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Japan ends export curbs on South Korea as relations thaw

March 16, 2023

South Korean President Yoon Suk Yeol met with Japan's Prime Minister Fumio Kishida in Tokyo. The two leaders have attempted to form a unified front amid regional tensions.

Yoon Suk Yeol and Fumio Kishida in Tokyo
Yoon Suk Yeol is the first South Korean president to visit Japan in 12 yearsImage: Kyodo/IMAGO

Japan and South Korea have agreed to mend an almost four-year-old trade dispute, the two governments announced on Thursday.

The announcement was made during South Korean President Yoon Suk Yeol's trip to Japan. He is the first South Korean leader to visit the country in 12 years.

What does the agreement mean?

Under the deal, Japan will end restrictions on the export of semiconductors to South Korea, and South Korea will drop a complaint it had lodged with the World Trade Organization (WTO) against Japan.

"Today's meeting with Prime Minister Kishida has a special meaning of letting the people of our two countries know that South Korea-Japan relations, which have gone through difficult times due to various pending issues, are at a new starting point," Yoon said in Tokyo on Thursday.

"As seen in North Korea's launch of a long-range ballistic missile before my departure to Tokyo this morning, North Korea's ever-growing nuclear and missile threats are a grave threat not only to East Asia but to international peace and stability."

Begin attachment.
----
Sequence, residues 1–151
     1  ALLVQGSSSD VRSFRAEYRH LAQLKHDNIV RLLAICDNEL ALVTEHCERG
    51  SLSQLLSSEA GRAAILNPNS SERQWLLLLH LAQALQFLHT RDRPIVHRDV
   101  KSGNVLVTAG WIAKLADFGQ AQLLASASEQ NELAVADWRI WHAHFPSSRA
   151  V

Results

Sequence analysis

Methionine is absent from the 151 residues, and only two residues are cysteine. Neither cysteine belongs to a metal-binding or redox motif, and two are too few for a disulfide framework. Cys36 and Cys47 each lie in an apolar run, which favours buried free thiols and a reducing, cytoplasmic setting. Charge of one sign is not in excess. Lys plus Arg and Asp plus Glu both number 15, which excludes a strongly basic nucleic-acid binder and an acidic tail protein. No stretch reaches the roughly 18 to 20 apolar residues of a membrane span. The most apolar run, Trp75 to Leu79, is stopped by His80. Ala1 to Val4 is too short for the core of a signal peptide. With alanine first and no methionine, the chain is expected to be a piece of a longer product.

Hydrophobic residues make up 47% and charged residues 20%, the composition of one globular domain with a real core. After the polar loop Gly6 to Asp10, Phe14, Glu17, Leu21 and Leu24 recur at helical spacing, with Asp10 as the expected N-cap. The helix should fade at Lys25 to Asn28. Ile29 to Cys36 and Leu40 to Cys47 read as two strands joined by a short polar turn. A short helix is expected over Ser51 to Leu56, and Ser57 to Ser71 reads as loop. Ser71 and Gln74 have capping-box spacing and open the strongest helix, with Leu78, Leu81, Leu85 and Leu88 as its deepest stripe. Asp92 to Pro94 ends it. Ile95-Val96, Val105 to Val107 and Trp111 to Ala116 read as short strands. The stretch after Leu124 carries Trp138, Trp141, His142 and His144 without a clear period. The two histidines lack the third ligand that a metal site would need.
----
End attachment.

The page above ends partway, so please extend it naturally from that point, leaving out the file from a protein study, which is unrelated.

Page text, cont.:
Decades-old tensions

The most recent trade dispute between South Korea and Japan arose after South Korea's Supreme Court ruled in 2018 that two Japanese companies, Nippon Steel and Mitsubishi Heavy Industries, must pay compensation to victims of forced labor during Japan's occupation of the Korean peninsula between 1910 and 1945.

Japan argued that the issue of forced labor had already been closed in a 1965 treaty.

Recently, Seoul announced a new proposal whereby former forced laborers or their relatives would instead be compensated by a public South Korean fund supported by private donations.

South Korean companies that benefited from the 1965 treaty would be targeted under this plan.

South Korean companies to compensate victims of forced labor

Thursday's rapprochement between Yoon and Japanese Prime Minister Fumio Kishida is an attempt to build a united front against regional tensions, including increased missile tests by North Korea and China's growing influence.

The deal will also strengthen international supply chains after years of upheaval.

zc/rc (AFP, AP, Reuters)